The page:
July 14, 2011

U.S. Debt Default: Probability No Longer De Minimis

By EconMatters

Commodities, stocks climbed, and gold also jumped to a record near $1,590 an ounce after Fed Chairman Ben Bernanke, in his testimony to Congress, said the Fed was ready to inject more stimulus if the economy weakens.

Then Moody's came along and spoiled the party by putting the rating of the United States on review for a downgrade.  Moody's said it sees a "rising possibility that the statutory debt limit will not be raised on a timely basis, leading to a default on U.S. Treasury debt obligations." The probability there will be a default on interest payments is low, but it is "no longer to be de minimis."

The other two big western credit agencies had previously issued similar warnings.  Standard & Poor's placed the U.S. rating on negative outlook on April 18 which meant a downgrade is likely in 12-18 months.  In June, Fitch Ratings also warned that the nation’s triple-A credit rating would be endangered. 

However, none of them actually followed through and the U.S. still earns the top AAA ratings from all Big 3.  China's Dagong Rating Agency who has been highly critical of the Western credit agencies, is the only agency in the world that actually downgraded the U.S. sovereign debt rating,  not once, but twice--from AAA to AA in July, 2010 and, from AA to A+ in November 2010 after Fed's QE2.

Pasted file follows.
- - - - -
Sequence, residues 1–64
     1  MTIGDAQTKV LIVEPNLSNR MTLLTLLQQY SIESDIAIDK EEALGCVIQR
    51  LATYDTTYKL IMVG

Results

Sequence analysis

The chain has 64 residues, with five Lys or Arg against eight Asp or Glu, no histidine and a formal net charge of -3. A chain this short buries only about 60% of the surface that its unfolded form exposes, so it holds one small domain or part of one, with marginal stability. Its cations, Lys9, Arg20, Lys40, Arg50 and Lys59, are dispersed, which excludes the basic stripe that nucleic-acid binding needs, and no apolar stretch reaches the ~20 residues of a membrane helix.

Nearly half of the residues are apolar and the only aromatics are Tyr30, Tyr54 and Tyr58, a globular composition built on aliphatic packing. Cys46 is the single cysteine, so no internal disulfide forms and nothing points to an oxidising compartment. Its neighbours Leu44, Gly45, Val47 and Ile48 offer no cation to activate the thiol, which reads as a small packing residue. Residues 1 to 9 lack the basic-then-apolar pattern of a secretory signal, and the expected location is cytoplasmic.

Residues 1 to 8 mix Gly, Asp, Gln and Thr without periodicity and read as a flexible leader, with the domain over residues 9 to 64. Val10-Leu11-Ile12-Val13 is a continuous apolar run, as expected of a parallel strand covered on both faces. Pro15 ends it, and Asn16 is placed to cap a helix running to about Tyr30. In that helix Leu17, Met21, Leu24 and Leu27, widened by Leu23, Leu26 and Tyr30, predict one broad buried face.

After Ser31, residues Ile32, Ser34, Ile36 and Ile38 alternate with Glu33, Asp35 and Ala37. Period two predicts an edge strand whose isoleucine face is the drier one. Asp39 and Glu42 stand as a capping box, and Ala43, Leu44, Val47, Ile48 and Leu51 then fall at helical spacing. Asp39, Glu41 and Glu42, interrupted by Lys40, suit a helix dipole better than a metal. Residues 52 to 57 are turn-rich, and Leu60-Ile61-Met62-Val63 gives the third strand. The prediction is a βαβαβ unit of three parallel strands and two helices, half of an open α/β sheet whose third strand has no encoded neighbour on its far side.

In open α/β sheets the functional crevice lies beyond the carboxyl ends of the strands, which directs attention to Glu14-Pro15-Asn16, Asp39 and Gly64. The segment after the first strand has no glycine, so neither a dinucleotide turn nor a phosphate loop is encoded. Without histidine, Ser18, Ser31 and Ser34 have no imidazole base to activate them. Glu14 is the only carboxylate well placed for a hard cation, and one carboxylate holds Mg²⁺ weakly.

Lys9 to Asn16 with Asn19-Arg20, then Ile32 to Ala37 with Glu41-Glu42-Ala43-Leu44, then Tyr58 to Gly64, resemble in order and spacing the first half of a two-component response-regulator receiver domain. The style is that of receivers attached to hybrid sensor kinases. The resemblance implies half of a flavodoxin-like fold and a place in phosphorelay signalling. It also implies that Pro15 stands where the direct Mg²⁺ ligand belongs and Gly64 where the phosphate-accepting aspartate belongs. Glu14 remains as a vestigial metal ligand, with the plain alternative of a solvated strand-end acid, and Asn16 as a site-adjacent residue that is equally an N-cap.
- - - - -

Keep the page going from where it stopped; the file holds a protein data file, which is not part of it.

The political specter at Washington over the government budget and debt ceiling has spooked the markets and formed a rare united front by China's Dagong Rating Agency, and the Big 3 in the West--Moody's, Standard and Poor's and Fitch.  Echoing Moody's latest move, WSJ reported that Dagong is putting U.S. sovereign debt on negative watch for a possible downgrade. 

During a "Twitter Town Hall" session, President Obama warned that not raising the $14.29 trillion debt ceiling would lead to "a whole new spiral into a second recession or worse".  It seems the odds are getting better each day as the debt ceiling deadline approaches that the U.S. Congress might actually go for an unprecedented debt default. 

So what happens if the U.S. goes bankrupt?  Here is an infographic to help answer that....for starters.   .          
Source: Neogaf
Further Reading - National Debt = Great Recession 2.0

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